Univariate analysis showed that blood flow was highly correlated with visual field loss as measured by MD (Table 4). Univariate analysis did not demonstrate any significant correlation between total retinal blood flow and either diastolic or systolic perfusion pressures. Multivariate analyses confirmed a largely independent relationship between reduced blood flow and visual field loss, even after accounting for structural loss of rim area or RNFL thickness (Table 4). In these multivariate analyses, blood flow was the dominant explanatory variable, accounting for more than twice the variance (R2) in visual field MD as rim area or RNFL thickness (Table 4). Further multivariate analysis, which incorporated variables of diastolic perfusion pressure, systolic perfusion pressure, and use of systemic antihypertensive medication, did not alter the significant relationship between reduced blood flow and visual field loss.
Mean IOP was significantly lower in glaucoma eyes, all of which were undergoing treatment, compared with normal eyes (P = 0.03). IOP in glaucoma eyes was not significantly correlated to measurements of visual field, structure, or blood flow (Table 3).
The purpose of this study was to determine the relationship among visual field loss, structural loss of neural tissue, and blood flow reduction in glaucoma. The authors' multivariate regression analysis revealed that blood flow reduction and structural loss were both significant and independent predictors of visual field loss in glaucoma patients. In addition, there was no correlation or paradoxical correlation between blood flow and structural changes. These findings suggest that structural evaluation alone can, at best, only provide a partial understanding of disease severity. Retinal blood flow, as measured by OCT, was more than twice as important as structural variables in explaining the variation in visual field MD. Therefore blood flow measurements may potentially be at least as important as structural measurements in the diagnostic and prognostic evaluation of glaucoma.
There are a number of possible causal relationships among blood flow, IOP, ONH structure, and visual field loss (Fig. 2). In clinically detectable glaucoma, the ONH has already undergone significant structural change with the loss of nearly 50% of retinal nerve fibers.32 It is possible that neural tissue loss drives the reduction in blood flow through decreased metabolic demand33 (Fig. 2A) or that neural structure loss is a consequence of ischemic damage due to perfusion deficits (Fig. 2B). Alternatively, visual field loss may arise from reduced blood flow that is independent of structural loss (Fig. 2C). The distinction is critical because the identification of a vascular dysfunction independent of structural loss raises the possibility of a new metric for glaucoma evaluation and the potential for a novel therapeutic target. The authors' analysis suggests that structural thinning of the RNFL or disc rim is not a critical intermediate link or confounding variable when evaluating the relationship between reduced blood flow and visual field loss. Therefore, reduced blood flow in glaucoma appears to be neither a major consequence nor a strong driver of neural tissue loss, and is largely independently associated with visual field loss in glaucoma.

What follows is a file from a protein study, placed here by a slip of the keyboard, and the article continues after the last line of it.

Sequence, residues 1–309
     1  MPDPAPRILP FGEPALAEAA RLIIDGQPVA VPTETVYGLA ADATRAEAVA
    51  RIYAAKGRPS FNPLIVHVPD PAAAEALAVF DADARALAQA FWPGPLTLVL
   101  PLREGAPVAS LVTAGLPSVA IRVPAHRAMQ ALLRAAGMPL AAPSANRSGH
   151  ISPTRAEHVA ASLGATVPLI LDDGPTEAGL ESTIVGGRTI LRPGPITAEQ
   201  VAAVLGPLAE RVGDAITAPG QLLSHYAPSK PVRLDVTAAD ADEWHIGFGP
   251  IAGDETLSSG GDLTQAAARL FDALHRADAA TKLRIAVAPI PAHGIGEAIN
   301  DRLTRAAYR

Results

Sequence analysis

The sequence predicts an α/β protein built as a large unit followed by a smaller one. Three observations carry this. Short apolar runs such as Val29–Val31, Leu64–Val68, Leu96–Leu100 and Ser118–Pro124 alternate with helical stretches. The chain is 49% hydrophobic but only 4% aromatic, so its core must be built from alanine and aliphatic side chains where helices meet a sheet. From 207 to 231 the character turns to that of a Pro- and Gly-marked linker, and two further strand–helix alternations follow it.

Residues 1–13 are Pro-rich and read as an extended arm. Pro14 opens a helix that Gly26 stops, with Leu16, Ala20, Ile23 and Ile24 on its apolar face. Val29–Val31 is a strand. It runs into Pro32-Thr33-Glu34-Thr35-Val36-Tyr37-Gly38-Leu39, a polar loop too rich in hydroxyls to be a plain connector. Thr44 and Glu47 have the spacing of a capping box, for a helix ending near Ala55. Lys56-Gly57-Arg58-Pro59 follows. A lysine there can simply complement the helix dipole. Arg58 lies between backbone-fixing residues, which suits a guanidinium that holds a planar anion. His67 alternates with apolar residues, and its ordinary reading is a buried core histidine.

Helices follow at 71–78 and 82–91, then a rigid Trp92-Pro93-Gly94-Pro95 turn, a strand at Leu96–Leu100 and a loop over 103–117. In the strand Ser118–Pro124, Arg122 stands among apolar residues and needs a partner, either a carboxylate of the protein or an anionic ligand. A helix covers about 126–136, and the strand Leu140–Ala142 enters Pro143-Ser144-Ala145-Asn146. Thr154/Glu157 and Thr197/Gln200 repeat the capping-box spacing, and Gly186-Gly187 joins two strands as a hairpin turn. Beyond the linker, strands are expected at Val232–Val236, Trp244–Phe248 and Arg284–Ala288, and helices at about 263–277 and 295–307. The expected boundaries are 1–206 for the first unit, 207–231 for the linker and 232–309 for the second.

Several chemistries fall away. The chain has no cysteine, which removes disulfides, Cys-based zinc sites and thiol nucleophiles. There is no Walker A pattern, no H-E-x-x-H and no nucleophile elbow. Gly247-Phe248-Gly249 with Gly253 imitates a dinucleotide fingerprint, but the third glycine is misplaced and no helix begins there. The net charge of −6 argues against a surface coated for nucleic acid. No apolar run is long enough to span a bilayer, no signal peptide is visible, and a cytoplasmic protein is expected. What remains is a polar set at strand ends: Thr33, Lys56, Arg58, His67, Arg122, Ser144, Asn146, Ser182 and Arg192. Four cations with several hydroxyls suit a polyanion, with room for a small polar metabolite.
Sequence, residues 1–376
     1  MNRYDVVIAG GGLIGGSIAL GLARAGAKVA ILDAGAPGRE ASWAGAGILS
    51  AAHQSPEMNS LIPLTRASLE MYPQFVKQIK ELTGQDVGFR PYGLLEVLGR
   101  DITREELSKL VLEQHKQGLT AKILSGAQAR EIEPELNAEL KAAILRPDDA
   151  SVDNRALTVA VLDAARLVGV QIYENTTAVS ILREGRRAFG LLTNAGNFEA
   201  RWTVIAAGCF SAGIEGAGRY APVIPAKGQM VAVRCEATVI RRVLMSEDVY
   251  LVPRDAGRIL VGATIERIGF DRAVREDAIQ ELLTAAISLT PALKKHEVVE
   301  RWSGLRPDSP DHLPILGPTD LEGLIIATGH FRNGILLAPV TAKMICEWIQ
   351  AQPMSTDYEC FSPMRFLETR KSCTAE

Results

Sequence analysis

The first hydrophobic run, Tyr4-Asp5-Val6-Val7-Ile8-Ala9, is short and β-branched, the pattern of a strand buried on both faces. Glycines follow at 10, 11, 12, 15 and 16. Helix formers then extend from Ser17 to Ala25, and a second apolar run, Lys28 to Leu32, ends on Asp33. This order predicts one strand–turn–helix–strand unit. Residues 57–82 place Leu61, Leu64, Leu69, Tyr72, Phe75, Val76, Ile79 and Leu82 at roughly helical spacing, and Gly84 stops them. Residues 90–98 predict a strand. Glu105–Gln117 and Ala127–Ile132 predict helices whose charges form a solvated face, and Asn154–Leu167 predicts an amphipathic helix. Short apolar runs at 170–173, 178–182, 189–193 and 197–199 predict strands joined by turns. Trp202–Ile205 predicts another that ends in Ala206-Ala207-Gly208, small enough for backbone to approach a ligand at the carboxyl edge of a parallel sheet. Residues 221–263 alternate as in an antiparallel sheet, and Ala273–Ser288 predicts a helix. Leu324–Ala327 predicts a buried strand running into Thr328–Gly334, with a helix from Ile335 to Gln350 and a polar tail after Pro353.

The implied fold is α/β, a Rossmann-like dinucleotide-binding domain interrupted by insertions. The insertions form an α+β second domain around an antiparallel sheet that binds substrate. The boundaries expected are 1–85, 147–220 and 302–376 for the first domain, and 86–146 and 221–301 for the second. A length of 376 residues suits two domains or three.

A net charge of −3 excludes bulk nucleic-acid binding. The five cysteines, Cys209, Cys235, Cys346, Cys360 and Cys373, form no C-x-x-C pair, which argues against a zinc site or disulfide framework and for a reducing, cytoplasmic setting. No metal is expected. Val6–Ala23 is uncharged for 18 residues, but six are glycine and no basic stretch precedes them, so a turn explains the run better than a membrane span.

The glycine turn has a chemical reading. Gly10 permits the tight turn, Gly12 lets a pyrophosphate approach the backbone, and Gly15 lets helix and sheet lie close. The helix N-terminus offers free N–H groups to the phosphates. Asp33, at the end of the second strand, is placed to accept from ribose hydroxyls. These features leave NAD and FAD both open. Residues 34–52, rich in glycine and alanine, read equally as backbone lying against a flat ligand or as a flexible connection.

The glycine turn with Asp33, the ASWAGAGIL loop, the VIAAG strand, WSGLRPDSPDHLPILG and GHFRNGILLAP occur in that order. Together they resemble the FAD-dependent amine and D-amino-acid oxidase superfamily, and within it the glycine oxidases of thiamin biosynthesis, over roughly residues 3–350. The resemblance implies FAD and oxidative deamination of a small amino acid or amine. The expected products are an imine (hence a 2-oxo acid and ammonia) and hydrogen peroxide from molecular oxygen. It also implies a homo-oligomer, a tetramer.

While this study identifies blood flow as a predictor of visual loss, the precise pathophysiological link between blood flow and glaucoma remains unclear. Ocular perfusion pressure is the driving force for the blood circulation in the eye, and is defined as the difference between mean arterial blood pressure and venous pressure, which is approximately equal to IOP. Several studies have demonstrated significant associations between ocular perfusion pressure, blood flow, and visual function.34–38 Some studies have demonstrated a positive correlation between systemic blood pressure and glaucoma,39 while others identified a negative correlation40 or no correlation.41 These conflicting results suggest that the link between blood pressure and glaucoma is complex, and may depend on many other factors such as medications and vascular autoregulation.
Intraocular pressure has been evaluated extensively and is an important risk factor for glaucoma. However, IOP is an imperfect correlate of visual field loss. In some patients, disease progression can occur despite adequate IOP control,4–7 while in ocular hypertensive patients there may be no structural or functional consequence despite sustained elevation of IOP.6 Therefore, it seems that the level of glaucomatous damage depends on the susceptibility of an individual eye to a certain level of IOP. Similarly, it is possible that the amount of RNFL loss depends on the susceptibility of an individual eye to a certain level of retinal blood flow. A number of population-based studies identified a strong association between low perfusion pressure and glaucoma.40–43 This study did not demonstrate any significant correlation between visual field loss or total retinal blood flow, and either diastolic or systolic perfusion pressures. Further studies are warranted to elucidate the precise relationship between the various vascular factors and glaucoma. Direct measurement of retinal blood flow may provide insight on how other vascular factors affect ocular perfusion, which in turn could lead to glaucoma progression.